Last November, months of angry protests following the police shooting of Michael Brown prompted Missouri Governor Jay Nixon to establish a commission to study the structural problems plaguing communities like Ferguson and come up with recommendations for making the St. Louis metropolitan area more inclusive.
This kind of exercise usually does little more than allow politicians to kick a politically difficult can down the road. But last week, the commission came back with an in-depth analysis of the structural problems that keep communities like Ferguson mired in poverty and despair—and a comprehensive approach to address them. The commissioners didn’t look at policing in a vacuum; they studied the interconnected problems of poor housing, healthcare, transportation, and childcare. They looked at police training, the school-to-prison pipeline, and how some municipalities are financed in part by issuing their residents endless citations for petty infractions.
But will the commission’s 189 recommendations lead to real change, or will the report end up gathering dust in a filing cabinet somewhere?
To get a sense of its prospects, I spoke last week with Reverend Starsky Wilson, president of the Deaconess Foundation, pastor at Saint John’s Church in St. Louis and co-chair of the Ferguson Commission.
The transcript below has been lightly edited for length and clarity.
Joshua Holland: Can you briefly summarize the commission’s key findings?
Starsky Wilson: What we found through a process of community engagement that included more than 2,000 people, as well as the insights of 100 experts, was that racial inequity in our region costs something. For some people, it costs 18 years of their life. We see that when we compare the life expectancies in the 63106 and 63105 zip codes, which are just 10 miles from one another.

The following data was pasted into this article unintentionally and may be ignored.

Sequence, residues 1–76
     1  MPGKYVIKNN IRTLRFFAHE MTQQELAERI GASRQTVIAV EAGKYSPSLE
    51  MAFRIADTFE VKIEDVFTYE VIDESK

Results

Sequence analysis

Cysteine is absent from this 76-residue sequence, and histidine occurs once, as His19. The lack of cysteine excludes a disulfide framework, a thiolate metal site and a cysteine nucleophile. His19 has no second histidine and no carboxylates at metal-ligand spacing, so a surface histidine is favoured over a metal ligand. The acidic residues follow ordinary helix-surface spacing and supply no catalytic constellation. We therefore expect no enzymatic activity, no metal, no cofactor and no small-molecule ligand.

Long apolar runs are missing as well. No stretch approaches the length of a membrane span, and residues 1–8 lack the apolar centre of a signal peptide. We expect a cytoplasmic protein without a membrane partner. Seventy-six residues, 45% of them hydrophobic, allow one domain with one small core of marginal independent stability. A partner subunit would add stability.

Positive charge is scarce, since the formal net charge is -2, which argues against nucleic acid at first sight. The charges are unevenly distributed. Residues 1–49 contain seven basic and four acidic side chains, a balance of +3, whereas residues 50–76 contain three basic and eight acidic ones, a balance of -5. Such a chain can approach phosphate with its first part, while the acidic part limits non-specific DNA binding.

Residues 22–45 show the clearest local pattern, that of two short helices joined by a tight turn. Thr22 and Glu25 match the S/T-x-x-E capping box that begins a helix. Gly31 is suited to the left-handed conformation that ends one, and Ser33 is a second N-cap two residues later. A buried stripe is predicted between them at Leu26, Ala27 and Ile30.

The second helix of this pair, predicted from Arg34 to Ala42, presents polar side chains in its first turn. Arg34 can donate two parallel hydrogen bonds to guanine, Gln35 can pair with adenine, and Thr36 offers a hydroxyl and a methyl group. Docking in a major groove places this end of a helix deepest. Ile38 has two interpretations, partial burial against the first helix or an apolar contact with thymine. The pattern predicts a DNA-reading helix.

It also costs something in gross domestic product. The University of Missouri–St. Louis, tells us, through their public policy research center, that some $14 billion is left on the table because of the racial inequities that we find throughout our region.
What we have found throughout the process is that if we focus on a broad racial equity framework for our region, if we ask the questions of who does this particular piece of legislation, this ordinance, this regulation disproportionately impact, then we can actually start reducing some of these disparities.
Our work settled on four broad areas: racial equity, justice for all, youth at the center and opportunities to thrive. We were able to get at the need for police and municipal-court reform. We looked at how to care for the whole child, not just in terms of educational systems but also by being thoughtful about things like school suspensions and discipline. We were very intentional about making sure we have adequate transit capacity because we have a very diffuse workforce. And in our economic conversations we focused on economic mobility, not just economic development. That is to say, what does it take for families to do better for their children.